Patriots may be the worst team in the NFL and Bill Belichick may no longer have the answers

EAST RUTHERFORD, N.J. — Bill Belichick was done. He had been asked 22 questions over four minutes and muttered his way through them with brief answers about how everyone on his struggling team had been told to be ready to play. He didn’t want any more. So he softly put his right hand down like a gavel, abruptly ending his postgame news conference.

The 71-year-old coach exited down a tunnel and took a right turn past the football field at MetLife Stadium, where his New England Patriots had just lost 10-7 to a backup, undrafted rookie quarterback and a New York Giants team that had been among the NFL’s worst.

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Three months into a dysfunctional season, there’s no sense in ignoring the obvious. After nine losses in 11 games and with a quarterback situation that is turning this once-proud franchise into a laughingstock, Belichick is out of answers. The tricks and stunts he has pulled haven’t worked. His team hasn’t responded. His roster stinks. And his explanations for how it got this bad are even worse.

“I told everybody to be ready to go,” Belichick said four different times.

All of this, of course, leads to the uncomfortable question that’s going to hover over the final six games this season. Is Belichick going to be back? Are these the final games of a brilliant career, one that’s ending with an implosion that once seemed unfathomable?

What question could be more important than that after watching the product put forth by Belichick’s team Sunday? He tried something different this week, an attempt to jump-start a feeble offense that’s dragging this team down. Belichick decided not to name a starting quarterback. He let Mac Jones and Bailey Zappe get practice reps with the starting offense, hoping one of them would be so good that a decision would be made for him.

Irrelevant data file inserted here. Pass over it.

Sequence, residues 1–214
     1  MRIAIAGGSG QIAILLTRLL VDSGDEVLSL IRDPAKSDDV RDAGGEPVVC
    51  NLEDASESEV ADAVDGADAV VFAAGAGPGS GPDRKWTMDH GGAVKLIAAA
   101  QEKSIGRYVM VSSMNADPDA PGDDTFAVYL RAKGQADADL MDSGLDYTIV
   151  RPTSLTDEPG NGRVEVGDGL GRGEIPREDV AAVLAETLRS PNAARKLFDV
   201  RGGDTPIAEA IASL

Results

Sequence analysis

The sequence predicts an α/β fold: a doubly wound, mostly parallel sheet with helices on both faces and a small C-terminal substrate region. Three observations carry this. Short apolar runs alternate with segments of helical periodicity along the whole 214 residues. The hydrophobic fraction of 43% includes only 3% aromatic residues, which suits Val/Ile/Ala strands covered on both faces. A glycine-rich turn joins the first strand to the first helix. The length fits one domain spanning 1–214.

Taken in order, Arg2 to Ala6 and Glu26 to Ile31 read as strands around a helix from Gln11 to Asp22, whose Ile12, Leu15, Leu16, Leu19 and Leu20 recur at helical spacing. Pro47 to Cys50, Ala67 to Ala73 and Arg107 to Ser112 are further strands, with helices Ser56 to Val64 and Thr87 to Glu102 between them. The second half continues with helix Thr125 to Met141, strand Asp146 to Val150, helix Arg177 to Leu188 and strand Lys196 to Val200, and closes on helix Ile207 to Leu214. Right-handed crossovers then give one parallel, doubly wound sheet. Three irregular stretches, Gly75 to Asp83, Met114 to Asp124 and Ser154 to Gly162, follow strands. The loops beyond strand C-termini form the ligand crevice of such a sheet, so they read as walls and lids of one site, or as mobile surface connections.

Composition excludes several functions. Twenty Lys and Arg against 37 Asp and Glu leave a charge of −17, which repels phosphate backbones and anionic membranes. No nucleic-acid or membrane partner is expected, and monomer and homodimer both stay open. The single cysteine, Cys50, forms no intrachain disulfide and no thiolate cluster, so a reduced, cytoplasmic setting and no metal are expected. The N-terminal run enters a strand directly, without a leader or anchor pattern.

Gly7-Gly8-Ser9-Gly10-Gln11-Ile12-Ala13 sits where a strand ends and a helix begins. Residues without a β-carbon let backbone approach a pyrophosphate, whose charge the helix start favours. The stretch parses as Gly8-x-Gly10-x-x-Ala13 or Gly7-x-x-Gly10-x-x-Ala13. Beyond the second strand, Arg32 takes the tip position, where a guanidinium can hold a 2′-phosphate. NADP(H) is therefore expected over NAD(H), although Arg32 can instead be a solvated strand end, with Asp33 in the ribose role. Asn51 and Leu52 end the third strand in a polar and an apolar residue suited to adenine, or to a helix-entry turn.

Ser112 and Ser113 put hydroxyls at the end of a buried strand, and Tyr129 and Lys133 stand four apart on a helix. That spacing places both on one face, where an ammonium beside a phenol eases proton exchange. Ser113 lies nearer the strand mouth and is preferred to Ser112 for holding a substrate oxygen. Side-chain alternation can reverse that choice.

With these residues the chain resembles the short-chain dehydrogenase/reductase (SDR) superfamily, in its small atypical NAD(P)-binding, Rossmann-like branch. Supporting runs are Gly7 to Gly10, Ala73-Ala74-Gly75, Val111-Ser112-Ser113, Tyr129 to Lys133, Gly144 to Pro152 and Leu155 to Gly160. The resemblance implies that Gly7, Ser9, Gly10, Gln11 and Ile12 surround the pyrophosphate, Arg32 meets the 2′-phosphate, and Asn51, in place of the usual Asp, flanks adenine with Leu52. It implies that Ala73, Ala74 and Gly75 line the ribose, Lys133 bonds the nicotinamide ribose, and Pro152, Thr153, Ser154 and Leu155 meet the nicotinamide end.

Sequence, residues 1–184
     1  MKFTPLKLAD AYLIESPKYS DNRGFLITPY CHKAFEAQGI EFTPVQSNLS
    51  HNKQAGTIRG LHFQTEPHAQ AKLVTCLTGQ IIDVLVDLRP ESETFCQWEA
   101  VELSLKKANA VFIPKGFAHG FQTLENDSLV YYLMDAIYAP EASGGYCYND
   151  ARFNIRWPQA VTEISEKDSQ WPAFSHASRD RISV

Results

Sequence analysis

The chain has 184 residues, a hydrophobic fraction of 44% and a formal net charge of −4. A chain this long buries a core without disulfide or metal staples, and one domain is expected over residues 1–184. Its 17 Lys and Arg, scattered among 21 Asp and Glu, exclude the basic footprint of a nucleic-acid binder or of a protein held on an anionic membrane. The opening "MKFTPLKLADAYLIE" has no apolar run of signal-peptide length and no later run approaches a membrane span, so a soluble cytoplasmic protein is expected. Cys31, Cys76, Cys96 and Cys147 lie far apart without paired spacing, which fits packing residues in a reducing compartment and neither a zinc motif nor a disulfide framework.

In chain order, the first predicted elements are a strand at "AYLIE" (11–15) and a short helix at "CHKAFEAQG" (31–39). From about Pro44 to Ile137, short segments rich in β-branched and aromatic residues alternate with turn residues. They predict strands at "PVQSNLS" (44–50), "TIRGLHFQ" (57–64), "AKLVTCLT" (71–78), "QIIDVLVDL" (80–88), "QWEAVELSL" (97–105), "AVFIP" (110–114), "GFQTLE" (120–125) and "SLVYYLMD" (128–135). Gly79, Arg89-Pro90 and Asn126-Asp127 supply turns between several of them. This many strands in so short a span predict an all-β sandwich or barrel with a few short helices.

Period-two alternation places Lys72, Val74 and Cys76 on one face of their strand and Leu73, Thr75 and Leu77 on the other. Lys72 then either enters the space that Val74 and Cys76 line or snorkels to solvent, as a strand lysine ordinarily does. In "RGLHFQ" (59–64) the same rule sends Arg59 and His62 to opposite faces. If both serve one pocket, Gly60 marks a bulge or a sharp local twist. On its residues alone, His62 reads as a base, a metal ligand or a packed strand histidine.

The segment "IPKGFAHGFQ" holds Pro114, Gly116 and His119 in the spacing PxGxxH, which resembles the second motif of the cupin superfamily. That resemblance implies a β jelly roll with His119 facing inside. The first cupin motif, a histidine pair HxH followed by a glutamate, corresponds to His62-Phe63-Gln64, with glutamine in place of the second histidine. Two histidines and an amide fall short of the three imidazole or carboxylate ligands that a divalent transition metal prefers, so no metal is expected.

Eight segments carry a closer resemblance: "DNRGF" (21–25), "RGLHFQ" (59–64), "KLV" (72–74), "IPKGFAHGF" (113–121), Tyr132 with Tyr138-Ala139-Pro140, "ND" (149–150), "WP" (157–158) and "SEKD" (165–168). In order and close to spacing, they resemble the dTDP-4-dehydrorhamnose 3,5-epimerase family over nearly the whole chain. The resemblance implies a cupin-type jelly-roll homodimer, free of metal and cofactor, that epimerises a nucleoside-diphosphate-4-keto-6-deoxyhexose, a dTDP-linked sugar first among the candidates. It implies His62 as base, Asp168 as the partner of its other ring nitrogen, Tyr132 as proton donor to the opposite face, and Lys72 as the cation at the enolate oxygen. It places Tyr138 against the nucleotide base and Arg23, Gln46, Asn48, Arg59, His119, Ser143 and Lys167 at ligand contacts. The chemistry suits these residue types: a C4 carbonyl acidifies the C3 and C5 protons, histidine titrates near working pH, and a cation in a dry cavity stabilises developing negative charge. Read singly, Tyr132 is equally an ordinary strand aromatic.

Instead, it was yet another Belichick decision (or indecision?) that backfired for this team. Belichick is the same coach who in 2001 explained Tom Brady getting practice reps over Drew Bledsoe by saying that a team can’t split up those sessions with multiple quarterbacks because they’re too valuable — that missing any snaps hinders the starting QB’s preparation.

But 12 weeks into this season, Belichick split the practice reps between Jones and Zappe. Perhaps it should be no surprise, then, that both struggled.

The argument here isn’t for one of Jones or Zappe. In fact, there’s plenty of evidence to suggest both are bad.

But rather than have them compete for the starting job this late in the season, it’s the coach’s job to make a decision and do everything to get that quarterback ready.

If you want to play Jones, try to build up his confidence. Back him publicly. Do what you can to make sure he doesn’t have tough decisions to make. See if running the ball works.

Otherwise, make the switch to Zappe. It would be easy to say Jones is unfixable at this point. Go to Zappe. Spend a week getting him ready to play. Scheme up a simple, unsophisticated offense he can master.